Fb pauses efforts to construct Instagram for teenagers
Adam Mosseri, Facebook
Beck Diefenbach | Reuters
Facebook announced Monday morning that it was pausing its work on Instagram for children after facing a series of backlash from users and lawmakers.
“While we believe the ‘Instagram Kids’ setup is right, Instagram and its parent company Facebook will reassess the project at a later date. In the meantime, Instagram will continue to focus on teen safety and expanding parental control features for teenagers, “the company said in a statement.
Instagram boss Adam Mosseri said the app was intended for children aged 10 to 12.
The hiatus comes after an explosive report in the Wall Street Journal showed that Facebook repeatedly found its Instagram app to be harmful to a number of teenagers. The journal cited Facebook studies over the past three years that looked at how Instagram is affecting its young user base, with teenage girls in particular being harmed.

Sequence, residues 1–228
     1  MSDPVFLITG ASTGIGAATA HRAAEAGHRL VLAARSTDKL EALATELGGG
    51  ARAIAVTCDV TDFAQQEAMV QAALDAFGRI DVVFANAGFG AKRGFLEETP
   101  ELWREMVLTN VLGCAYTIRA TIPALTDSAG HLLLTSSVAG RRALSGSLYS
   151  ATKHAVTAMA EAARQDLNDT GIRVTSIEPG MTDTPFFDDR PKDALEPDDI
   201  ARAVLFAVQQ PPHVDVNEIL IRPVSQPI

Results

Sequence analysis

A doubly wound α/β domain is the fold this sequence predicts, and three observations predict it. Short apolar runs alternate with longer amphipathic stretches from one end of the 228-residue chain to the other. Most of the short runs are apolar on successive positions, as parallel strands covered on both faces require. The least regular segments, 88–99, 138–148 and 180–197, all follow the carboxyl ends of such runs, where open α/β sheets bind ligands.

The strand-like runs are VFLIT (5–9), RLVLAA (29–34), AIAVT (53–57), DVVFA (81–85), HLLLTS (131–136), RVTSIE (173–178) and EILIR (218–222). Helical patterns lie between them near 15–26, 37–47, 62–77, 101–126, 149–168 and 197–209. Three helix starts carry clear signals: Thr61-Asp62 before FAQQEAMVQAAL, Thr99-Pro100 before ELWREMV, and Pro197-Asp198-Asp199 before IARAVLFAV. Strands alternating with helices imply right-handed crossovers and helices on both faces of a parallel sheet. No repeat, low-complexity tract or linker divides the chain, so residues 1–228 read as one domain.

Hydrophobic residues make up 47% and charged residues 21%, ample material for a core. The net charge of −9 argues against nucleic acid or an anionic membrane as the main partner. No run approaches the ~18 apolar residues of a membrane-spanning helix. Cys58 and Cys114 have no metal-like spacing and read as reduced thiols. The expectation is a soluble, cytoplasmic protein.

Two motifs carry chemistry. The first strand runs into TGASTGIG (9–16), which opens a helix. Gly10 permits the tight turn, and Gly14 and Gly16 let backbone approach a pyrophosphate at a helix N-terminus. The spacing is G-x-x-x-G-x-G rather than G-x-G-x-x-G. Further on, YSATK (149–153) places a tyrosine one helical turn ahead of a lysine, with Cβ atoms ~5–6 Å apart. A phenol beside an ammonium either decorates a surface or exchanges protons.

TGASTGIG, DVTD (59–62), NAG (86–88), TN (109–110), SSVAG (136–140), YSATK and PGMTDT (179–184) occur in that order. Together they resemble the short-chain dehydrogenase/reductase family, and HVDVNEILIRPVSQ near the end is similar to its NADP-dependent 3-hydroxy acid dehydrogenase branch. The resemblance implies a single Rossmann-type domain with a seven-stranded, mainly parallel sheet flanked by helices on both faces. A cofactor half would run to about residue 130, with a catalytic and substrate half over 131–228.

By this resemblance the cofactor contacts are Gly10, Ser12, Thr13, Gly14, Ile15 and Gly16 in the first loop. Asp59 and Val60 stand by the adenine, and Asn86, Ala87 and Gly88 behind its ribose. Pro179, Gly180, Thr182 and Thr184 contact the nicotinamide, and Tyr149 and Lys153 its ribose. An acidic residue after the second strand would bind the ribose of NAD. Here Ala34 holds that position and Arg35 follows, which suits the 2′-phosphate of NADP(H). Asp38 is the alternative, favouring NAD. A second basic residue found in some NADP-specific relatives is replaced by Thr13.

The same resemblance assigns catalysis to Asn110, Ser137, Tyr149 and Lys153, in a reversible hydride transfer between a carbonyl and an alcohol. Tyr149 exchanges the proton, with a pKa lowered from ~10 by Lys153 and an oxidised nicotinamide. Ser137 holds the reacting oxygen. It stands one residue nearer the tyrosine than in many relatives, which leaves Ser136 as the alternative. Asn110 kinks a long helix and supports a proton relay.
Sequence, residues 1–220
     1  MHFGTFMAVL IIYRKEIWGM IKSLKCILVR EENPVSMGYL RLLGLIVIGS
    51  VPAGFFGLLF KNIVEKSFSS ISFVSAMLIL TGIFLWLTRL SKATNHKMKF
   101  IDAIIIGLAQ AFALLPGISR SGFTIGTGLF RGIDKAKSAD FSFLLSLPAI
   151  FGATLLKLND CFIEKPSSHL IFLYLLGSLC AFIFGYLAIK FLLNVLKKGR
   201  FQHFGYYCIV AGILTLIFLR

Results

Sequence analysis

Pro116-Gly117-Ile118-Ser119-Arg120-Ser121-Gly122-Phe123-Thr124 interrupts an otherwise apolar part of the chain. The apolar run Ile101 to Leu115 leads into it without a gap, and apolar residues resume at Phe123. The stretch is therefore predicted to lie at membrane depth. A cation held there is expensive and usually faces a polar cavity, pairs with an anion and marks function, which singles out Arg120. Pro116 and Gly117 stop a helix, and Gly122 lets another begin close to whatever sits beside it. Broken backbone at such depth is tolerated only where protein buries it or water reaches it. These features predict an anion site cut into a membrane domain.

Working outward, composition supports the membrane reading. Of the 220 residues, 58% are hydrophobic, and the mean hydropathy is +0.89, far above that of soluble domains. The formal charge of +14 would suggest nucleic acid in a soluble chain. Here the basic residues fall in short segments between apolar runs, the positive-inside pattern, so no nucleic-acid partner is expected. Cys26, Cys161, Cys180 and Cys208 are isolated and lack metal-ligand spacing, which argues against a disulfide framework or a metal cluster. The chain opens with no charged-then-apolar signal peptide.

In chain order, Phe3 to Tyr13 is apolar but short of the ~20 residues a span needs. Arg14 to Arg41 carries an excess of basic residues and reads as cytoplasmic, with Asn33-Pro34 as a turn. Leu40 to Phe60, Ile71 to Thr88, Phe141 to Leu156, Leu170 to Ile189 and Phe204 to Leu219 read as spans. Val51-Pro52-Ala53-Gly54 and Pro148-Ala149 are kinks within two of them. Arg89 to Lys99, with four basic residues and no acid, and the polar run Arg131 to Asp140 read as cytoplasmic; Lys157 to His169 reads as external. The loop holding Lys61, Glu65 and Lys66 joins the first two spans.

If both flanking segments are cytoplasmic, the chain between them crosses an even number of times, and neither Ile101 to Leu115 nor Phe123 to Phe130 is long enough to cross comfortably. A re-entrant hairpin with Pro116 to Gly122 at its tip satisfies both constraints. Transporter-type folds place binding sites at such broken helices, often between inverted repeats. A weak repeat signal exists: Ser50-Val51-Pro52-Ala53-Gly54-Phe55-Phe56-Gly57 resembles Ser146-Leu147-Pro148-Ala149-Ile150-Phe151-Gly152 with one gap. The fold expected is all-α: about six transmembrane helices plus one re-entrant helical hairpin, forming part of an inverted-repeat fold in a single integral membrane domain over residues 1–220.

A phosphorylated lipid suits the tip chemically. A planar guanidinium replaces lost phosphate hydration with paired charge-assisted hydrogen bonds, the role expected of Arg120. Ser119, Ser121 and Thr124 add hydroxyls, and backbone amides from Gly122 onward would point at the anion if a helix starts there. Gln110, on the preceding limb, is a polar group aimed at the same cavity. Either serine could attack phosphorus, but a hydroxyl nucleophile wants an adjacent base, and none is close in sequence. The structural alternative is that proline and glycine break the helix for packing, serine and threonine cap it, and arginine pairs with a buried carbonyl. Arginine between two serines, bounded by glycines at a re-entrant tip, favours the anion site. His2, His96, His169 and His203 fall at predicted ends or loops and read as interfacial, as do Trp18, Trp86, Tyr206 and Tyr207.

The report prompted lawmakers to once again address their concerns about the social media app. Shortly after the news broke, representatives on both sides of the aisle demanded responses from Facebook. Rep. Lori Trahan, D-Mass., Also urged Facebook to stop its Instagram activities for children.
Antigone Davis, Facebook’s global security chief, will testify before the Senate’s Consumer Protection Subcommittee on Thursday.
Facebook has repeatedly defended its efforts to attract more children to the app. Mosseri argued in a blog post early Monday that children were already online.
“Instagram Kids critics will see this as confirmation that the project is a bad idea. That’s not the case. The reality is that kids are already online and we believe it is a long way off from developing age-appropriate experiences that are made specifically for them, better for parents than where we are today, “he said. Instagram gets his job Interrupt to address concerns from parents, experts, policy makers, and regulators.
Instagram will also work on expanding its parental controls to teen accounts.
“These new features that parents and teenagers can take advantage of give parents the tools to make their teenagers’ experience meaningful,” said Mosseri.
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